Reading Letters comes from the same publisher. Derived from a PhD thesis at the Royal College of Art, it tackles a well-worn but still sensitive subject: legibility, from the letter to the text, in printed matter, on screen and in public spaces. Sofie Beier aims to help designers create high-legibility typefaces and ‘determine the optimal typeface for a given project’. Rather than infallible recipes, the book offers a series of considerations and assessments, helped by academic resources and practical examples, all carefully illustrated. Big names (Gerard Unger, Matthew Carter) sit alongside little-known studies such as Frank E. Blokland’s research on ‘patternisation’ of type design. Despite minor historical errors and occasional difficulty shaking off its dense scientific foundations, Beier’s book is a solid starting-point, offering lots of food for thought.
Top: spread from Jan Middendorp’s Shaping Text on controlling space with different grids, using Andreas Trogisch’s Barocke Inszenierung as one example.
Legibility and the mechanics of typography are also addressed in Inside Paragraphs: Typographic Fundamentals, a small, cleverly designed manual by the American type designer Cyrus Highsmith. It deals with the most essential aspect of typography: how to correctly ‘shape text’. Letters are like a bunch of instruments with their own features: each is eager to play solos, but when gathered together they have to build a harmonious piece of music. Typography is about spacing: letter, word, line, paragraph. Highsmith explains it very well, helped by his unique ability to combine text and image through duotone illustration. He manages to create a rapport with the reader and achieves a rarely seen outcome in typographic literature. The book can also be considered a tribute to American illustration of the 1960s, with Saul Bass and Paul Rand as godfathers.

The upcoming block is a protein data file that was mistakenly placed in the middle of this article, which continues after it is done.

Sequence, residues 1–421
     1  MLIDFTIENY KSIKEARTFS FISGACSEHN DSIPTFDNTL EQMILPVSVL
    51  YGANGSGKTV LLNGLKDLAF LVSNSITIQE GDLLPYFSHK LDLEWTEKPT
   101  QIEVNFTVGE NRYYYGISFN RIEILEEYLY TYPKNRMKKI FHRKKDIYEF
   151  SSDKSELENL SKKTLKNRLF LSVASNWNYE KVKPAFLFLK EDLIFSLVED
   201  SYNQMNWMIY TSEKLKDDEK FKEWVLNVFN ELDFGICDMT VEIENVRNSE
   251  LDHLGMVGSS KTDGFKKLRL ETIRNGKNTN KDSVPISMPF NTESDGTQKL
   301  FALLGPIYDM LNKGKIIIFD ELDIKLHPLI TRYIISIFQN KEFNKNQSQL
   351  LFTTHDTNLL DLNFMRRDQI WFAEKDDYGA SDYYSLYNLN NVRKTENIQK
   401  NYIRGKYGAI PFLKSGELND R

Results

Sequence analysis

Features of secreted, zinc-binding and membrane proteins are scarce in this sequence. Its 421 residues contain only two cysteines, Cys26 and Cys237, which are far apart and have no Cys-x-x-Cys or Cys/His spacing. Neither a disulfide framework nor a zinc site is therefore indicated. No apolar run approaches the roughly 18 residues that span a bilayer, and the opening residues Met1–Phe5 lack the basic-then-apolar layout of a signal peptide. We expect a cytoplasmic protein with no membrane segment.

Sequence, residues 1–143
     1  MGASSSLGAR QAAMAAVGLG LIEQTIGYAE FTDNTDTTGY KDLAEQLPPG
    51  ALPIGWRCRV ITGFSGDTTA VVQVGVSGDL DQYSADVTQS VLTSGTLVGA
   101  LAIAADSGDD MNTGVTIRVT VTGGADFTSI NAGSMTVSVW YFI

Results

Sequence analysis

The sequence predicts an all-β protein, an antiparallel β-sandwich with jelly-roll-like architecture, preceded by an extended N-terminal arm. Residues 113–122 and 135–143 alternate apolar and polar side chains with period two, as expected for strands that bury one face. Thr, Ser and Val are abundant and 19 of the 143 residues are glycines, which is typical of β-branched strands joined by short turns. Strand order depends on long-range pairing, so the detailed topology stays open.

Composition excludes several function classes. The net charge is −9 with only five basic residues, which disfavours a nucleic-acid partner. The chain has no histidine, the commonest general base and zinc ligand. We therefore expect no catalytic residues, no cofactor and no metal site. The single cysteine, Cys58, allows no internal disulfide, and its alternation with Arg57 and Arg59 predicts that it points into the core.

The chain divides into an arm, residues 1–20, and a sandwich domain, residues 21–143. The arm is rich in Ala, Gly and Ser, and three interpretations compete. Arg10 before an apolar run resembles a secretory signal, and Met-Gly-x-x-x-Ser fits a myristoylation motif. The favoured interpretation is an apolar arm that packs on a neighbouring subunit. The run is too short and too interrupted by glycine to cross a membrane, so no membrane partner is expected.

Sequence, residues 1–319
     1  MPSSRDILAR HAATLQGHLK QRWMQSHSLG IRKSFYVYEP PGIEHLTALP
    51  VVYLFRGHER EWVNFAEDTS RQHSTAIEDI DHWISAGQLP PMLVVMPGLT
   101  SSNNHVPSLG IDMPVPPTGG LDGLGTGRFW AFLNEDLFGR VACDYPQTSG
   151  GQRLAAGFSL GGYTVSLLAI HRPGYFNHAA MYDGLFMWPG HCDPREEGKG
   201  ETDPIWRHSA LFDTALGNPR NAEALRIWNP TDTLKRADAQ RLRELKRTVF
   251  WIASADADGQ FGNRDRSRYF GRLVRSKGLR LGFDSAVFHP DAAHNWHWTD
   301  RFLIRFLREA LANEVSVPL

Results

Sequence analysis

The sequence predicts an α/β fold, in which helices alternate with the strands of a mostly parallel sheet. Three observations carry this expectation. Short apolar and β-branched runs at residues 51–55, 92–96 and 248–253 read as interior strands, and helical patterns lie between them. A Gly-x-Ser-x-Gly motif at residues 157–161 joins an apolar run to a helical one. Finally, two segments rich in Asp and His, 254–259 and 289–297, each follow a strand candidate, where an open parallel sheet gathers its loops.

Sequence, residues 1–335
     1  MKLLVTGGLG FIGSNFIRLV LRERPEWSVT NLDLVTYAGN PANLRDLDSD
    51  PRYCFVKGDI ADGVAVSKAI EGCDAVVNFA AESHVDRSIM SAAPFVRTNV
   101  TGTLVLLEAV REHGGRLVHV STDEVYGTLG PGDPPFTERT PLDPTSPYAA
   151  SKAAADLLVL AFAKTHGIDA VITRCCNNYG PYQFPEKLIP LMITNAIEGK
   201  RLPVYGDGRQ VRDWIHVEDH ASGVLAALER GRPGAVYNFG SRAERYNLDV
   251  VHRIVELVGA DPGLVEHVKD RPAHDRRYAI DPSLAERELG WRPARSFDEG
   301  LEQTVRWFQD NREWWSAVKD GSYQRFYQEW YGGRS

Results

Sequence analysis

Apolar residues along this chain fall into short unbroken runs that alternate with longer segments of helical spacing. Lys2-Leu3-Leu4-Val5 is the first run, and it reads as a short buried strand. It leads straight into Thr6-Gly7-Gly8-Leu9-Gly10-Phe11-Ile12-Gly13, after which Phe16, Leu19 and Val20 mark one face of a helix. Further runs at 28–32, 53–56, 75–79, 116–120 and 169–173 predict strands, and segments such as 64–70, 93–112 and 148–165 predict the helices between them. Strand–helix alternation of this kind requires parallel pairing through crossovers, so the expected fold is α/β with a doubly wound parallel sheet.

Cómo crear tipografías is a singular and audacious venture by a small Madrid-based publisher. Informed by the different educations and careers of Cristóbal Henestrosa, Laura Meseguer and José Scaglione, it is a well structured guide to typeface design for students and beginners. Over nine chapters, each author narrates the lengthy, cautious process of creating a font, describing method, mistakes and tricks ‘From sketch to screen’. Personal accounts are underpinned by necessary basics and meaningful duotone illustrations. Let’s hope an English edition appears soon: this may be the most fruitful publication so far available in the discipline.
Lastly, Stephen Coles’ The Anatomy of Type (available on paper or digitally [and now published in the UK as The Geometry of Type]) should get a mention. Classic and contemporary fonts are organised into fifteen new categories (for example: ‘Humanist Serif’, ‘Geometric Sans’, ‘Grotesque Slab’), each displayed on a spread and put under a magnifying glass with basic but essential historic information. It is a down-to-earth but playful and helpful tool for users in search of a distinctive typographic tone – a cautiously plotted but worthwhile attempt to shake type classifications to the core.
Sébastien Morlighem, researcher, writer, lecturer, Barcelona and Amiens
First published in Eye no. 84 vol. 21 2012
Eye is the world’s most beautiful and collectable graphic design journal, published quarterly for professional designers, students and anyone interested in critical, informed writing about graphic design and visual culture. It is available from all good design bookshops and online at the Eye shop, where you can buy subscriptions, back issues and single copies of the latest issue. You can see what Eye 84 looks like at Eye before You Buy on Vimeo.